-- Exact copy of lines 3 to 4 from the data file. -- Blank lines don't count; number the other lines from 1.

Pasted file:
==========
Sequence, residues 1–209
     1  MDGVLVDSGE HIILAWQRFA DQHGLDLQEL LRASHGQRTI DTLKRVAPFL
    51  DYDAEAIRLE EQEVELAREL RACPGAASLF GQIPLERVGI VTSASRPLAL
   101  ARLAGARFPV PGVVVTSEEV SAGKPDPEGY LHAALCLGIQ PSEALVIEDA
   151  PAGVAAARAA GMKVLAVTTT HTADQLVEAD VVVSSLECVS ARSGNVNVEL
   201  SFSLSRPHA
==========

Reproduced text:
    51  DYDAEAIRLE EQEVELAREL RACPGAASLF GQIPLERVGI VTSASRPLAL
   101  ARLAGARFPV PGVVVTSEEV SAGKPDPEGY LHAALCLGIQ PSEALVIEDA